To know being as good requires some affection or inclination towards it. As light, being creates the intellect as formal cause of the soul (or if preferred, as cause of the formal cause, cause of the enlightenment of the soul). In the same way, being, as the essential condition of good, creates the primal will as final cause which actuates the first affection, that is, the first volition directed towards being in general. Thus intellect is the receptive potency; the will, the active potency corresponding to the intellect.
– Antonio Rosmini, The Development of the Human Soul, book 2, chapter 7, number 1008

Some kabbalists maintain that the hidden God works through the Primal Will. This is the highest emanation (Sefirah) that either flows from Him or is concealed within His power. The age-old question raised is: Was this Primal Will co-eternal with God/Ein-Sof, or did it originate only at the time of its emanation? The majority of statements in the Zohar support the former view. It is generally accepted that this eternal "twinning” of God and Will brought forth the first emanation (Sefirah).
  The early kabbalists, who linked the attribute of Will to the Ein-Sof, assert that it was with God’s Will that the world came into being. Thus communion with the Supreme or Primal Will was the ultimate goal of prayer, since this attribute was the “source of all life,” ” including the first emanation. This concept of the Will as the supreme Divine Power takes precedence over Divine thought and pure intellect.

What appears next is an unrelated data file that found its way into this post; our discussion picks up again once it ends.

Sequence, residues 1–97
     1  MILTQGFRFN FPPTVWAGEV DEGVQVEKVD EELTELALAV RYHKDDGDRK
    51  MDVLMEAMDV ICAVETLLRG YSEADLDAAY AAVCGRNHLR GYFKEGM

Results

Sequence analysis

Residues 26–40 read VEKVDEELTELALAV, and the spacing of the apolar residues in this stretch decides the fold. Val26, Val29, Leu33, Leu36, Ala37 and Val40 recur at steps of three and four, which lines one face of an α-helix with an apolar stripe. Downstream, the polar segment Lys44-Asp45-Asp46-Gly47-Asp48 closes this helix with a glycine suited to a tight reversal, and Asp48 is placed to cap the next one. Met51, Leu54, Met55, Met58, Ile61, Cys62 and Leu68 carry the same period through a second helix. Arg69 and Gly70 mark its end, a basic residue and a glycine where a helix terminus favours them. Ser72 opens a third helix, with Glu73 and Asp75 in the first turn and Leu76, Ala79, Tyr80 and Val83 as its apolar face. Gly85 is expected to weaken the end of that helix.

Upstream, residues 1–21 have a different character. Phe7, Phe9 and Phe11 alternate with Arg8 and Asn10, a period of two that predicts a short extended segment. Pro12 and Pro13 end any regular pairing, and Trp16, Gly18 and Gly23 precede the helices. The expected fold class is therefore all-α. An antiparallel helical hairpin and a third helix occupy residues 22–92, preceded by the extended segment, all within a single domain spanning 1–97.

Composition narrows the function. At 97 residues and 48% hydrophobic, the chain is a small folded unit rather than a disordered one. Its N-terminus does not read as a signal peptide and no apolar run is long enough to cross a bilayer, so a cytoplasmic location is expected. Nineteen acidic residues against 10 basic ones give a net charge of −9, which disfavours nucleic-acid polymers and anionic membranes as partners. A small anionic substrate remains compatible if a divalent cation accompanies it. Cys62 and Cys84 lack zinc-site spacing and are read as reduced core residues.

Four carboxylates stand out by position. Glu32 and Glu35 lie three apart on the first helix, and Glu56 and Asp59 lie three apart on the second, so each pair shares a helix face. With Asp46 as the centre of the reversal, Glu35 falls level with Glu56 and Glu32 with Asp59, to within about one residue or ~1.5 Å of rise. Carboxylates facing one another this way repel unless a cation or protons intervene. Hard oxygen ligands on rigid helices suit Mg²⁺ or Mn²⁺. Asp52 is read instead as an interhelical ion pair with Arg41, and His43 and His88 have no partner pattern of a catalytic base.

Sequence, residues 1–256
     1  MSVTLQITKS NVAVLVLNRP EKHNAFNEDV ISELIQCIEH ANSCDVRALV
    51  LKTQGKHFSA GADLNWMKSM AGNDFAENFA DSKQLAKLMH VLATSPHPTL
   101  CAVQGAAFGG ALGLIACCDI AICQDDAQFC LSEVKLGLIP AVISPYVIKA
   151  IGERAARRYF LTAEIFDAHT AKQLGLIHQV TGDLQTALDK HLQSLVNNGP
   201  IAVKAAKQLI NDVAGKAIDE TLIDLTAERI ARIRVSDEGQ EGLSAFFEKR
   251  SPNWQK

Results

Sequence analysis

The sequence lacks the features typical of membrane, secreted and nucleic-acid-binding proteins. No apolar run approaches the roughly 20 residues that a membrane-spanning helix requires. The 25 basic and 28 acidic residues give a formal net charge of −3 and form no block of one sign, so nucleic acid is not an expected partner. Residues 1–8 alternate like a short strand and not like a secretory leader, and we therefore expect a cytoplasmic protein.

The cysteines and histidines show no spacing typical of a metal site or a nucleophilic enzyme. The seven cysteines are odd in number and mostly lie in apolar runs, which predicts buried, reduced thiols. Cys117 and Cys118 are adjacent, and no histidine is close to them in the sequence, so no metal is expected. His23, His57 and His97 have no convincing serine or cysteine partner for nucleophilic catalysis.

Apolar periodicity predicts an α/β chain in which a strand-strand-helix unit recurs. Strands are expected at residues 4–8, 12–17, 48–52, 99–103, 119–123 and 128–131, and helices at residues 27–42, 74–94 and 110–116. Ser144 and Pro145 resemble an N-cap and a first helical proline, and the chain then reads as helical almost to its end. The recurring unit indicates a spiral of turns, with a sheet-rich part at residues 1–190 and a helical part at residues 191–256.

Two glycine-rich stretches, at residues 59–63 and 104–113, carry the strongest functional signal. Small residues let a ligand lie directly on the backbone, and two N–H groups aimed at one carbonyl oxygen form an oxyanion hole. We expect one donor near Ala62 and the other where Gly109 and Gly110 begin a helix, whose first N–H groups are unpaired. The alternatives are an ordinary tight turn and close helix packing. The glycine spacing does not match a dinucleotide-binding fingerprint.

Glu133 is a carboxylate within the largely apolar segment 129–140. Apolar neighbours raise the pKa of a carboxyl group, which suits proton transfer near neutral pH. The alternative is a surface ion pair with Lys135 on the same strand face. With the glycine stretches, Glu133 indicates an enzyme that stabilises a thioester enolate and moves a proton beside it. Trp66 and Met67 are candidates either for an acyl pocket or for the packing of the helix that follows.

– Congregation Emanu-El of the City of New York (identified from earlier source), Will, Thought, and Wisdom

As Heh of Yod, the Magician is passive to Ain Soph, hence he is a symbolic antithesis to the Fool. He is God the Creator in the Beginning, in contrast to God the Principle before all beginnings. He is Kether, the Primal Will which initiates the creative process by selecting a particular point in space at which to begin.
– Paul Foster Case, An Introduction to the Study of Tarot, chapter v

And accordingly the man of God, Adam, and the woman of God, Eve, discharging mutually (the duties of) one marriage, sanctioned for mankind a type by (the considerations of the authoritative precedent of their origin and the primal will of God. Finally, “there shall be,” said He, “two in one flesh,” not three nor four.
– Tertullian, On Exhortation to Chastity, chapter v

Only the primal will of God works in the material world, and no secondary finite will.
– Albert Pike, Morals and Dogma (1871), chapter xxxi